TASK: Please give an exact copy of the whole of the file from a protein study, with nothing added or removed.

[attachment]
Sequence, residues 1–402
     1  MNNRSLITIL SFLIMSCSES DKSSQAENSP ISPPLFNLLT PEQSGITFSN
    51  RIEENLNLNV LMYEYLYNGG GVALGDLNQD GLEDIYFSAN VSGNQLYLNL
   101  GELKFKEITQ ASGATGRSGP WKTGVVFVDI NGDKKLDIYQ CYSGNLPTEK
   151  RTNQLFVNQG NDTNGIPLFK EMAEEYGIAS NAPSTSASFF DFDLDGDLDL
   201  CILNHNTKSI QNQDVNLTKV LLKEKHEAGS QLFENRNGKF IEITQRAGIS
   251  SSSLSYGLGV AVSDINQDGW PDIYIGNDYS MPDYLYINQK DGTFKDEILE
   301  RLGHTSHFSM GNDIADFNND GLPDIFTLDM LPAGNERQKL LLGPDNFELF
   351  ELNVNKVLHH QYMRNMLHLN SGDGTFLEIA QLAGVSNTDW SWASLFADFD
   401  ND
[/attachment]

Sequence, residues 1–402
     1  MNNRSLITIL SFLIMSCSES DKSSQAENSP ISPPLFNLLT PEQSGITFSN
    51  RIEENLNLNV LMYEYLYNGG GVALGDLNQD GLEDIYFSAN VSGNQLYLNL
   101  GELKFKEITQ ASGATGRSGP WKTGVVFVDI NGDKKLDIYQ CYSGNLPTEK
   151  RTNQLFVNQG NDTNGIPLFK EMAEEYGIAS NAPSTSASFF DFDLDGDLDL
   201  CILNHNTKSI QNQDVNLTKV LLKEKHEAGS QLFENRNGKF IEITQRAGIS
   251  SSSLSYGLGV AVSDINQDGW PDIYIGNDYS MPDYLYINQK DGTFKDEILE
   301  RLGHTSHFSM GNDIADFNND GLPDIFTLDM LPAGNERQKL LLGPDNFELF
   351  ELNVNKVLHH QYMRNMLHLN SGDGTFLEIA QLAGVSNTDW SWASLFADFD
   401  ND